Tidal disruption of a star by a supermassive black hole Page: 2 of 5
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TIDAL DISRUPTION OF A STAR BY A
SUPERMASSTVE BLACK HOLE
Pablo Laguna. Warnei A. Miller and Wojciech H. Zurek
Theoretical Division, Los Alamos National Laboratory
Los Alamos. New Mexico 37545, USA
The analysis of stars in galactic nuclei that are captured and tidally dis-
rupted by a black hole of mass > lO*.Vf0 requires the inclusion of general rela-
tivistic effects. We present the first numerical study of tidal breakup of a 1 V/r
main sequence star by a 107.Vf3 black hole. We use a smoothed particle code
to solve the hydrodynamic equations for a relativistic fluid in a static curved
spacetime geometry to analyze, among other things, the fraction of the debris
captured by the hole and the velocity of fragments escaping the hole.
Stellar disruption by tidal forces of supermassive black holes is one of the
most important unsolved problems in the astrophysics of active galactic nuclei
(AGN').1 Studies in the 1970s suggested that tidal distortion and disruption of
stars passing near massive black holes could perhaps h; an essential mechanism
for fueling AGN.2 3 However, it was shown2 4 that tidal disruption alone could
not achieve the observed luminosity because it requires such a high concentra-
tion of stars that collisions among the stars would dominate the process. When
stellar disruption occurs, part of the debris ir accreted by the black hole, result-
ing in a burst of activity, ihe remaining material may vrell be ejected at speeds
much larger than the mean velocity of the stellar system. Stellar disruption
could also then have important observational ramifications since its signature
may provide direct evidence for the presence of supermassive black holes.5
When a star gets close enough to a black hole, it can no longer be treated
as a point mass particle. There is a characteristic radius within which the
star becomes subject to tidal distortions and disruptions. This tidal radius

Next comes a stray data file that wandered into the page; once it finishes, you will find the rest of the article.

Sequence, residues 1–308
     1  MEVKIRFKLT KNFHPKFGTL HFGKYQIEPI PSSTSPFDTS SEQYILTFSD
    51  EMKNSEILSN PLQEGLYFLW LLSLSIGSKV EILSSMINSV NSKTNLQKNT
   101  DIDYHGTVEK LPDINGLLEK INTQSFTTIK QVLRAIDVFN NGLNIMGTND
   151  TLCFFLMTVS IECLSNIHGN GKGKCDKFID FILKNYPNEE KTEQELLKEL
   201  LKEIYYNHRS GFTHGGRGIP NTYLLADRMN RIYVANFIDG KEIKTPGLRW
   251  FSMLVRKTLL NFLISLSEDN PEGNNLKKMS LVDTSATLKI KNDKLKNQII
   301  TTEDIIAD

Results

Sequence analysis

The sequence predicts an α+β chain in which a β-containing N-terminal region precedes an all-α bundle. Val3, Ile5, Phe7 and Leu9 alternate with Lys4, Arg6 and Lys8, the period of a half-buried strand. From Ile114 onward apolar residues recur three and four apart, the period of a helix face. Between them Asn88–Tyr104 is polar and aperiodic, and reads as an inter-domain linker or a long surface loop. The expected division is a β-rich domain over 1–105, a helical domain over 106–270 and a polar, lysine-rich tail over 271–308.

(Rt) is defined as the distance where the surface gravity of the star equals
the tidal acceleration.2'* For a l.V/0 star, the tidal radius is given by (R,/R,) ss
0 5h3(where R, = 2MH is the black hole’s Schwarzschild radius
with .W* its mass, and the parameter r> is the strength of the tidal encounter. For
\ft, > 10*.Vf,T>, R, < 37R,. Encounters of stars in this regime ire close enough to
the hole that Newtonian approximations are inadequate. Black holes with >
10*.V? have R, < R,. The star gets swallowed before being disrupted. Therefore,
there is a window (10* - 10*.W,3) where the analysis of tidal stellar disruption by
black holes requires a general relativistic numerical simulation. Our goal is then
to provide eno:igh features of stellar disruptions by supermtissive black holes
in support of a possible observation. To this end, we are analyzing in detail
what happens to the gas after the star has been disrupted, ru.mely, amount of
material ejected and accreted, and the duration of the mass-accretion phase.
We have implemented a general relativistic smoothed particle hydrody-
namic (SPH) code.7 The code uses a discretized Lagrangian version of the hy-
drodynamic equations for a relativistic fluid in a static curved spacetime geom-
etry ( Schwarzschild or Kerr metric) using SPH methods.* We have developed
an algorithm that transforms relativistic hydrodynarnical contact interactions
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Laguna, P.; Miller, W.A. & Zurek, W.H. Tidal disruption of a star by a supermassive black hole, article, January 1, 1991; New Mexico. (https://digital.library.unt.edu/ark:/67531/metadc1096816/m1/2/: accessed April 23, 2019), University of North Texas Libraries, Digital Library, https://digital.library.unt.edu; crediting UNT Libraries Government Documents Department.